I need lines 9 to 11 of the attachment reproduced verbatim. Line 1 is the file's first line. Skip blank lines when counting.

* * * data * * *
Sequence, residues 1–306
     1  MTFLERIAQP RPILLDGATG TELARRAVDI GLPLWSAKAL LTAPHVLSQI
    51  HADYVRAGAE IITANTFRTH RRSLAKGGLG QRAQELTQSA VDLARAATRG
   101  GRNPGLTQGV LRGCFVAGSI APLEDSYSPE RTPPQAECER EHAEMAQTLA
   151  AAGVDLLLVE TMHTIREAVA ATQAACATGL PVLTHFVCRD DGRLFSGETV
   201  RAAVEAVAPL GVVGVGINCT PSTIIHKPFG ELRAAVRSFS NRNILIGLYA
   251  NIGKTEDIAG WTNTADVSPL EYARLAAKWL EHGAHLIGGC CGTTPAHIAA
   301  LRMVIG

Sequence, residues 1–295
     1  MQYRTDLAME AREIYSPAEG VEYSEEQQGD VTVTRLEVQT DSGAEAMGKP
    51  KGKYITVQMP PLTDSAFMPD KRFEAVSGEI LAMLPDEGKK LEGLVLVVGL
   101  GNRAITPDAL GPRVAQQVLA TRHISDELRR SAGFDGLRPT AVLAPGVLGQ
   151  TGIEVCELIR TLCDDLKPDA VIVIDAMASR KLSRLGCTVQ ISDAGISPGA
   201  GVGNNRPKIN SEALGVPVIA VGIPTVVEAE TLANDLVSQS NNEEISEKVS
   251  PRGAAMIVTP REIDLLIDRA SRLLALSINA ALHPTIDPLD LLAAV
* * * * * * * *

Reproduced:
Sequence, residues 1–295
     1  MQYRTDLAME AREIYSPAEG VEYSEEQQGD VTVTRLEVQT DSGAEAMGKP
    51  KGKYITVQMP PLTDSAFMPD KRFEAVSGEI LAMLPDEGKK LEGLVLVVGL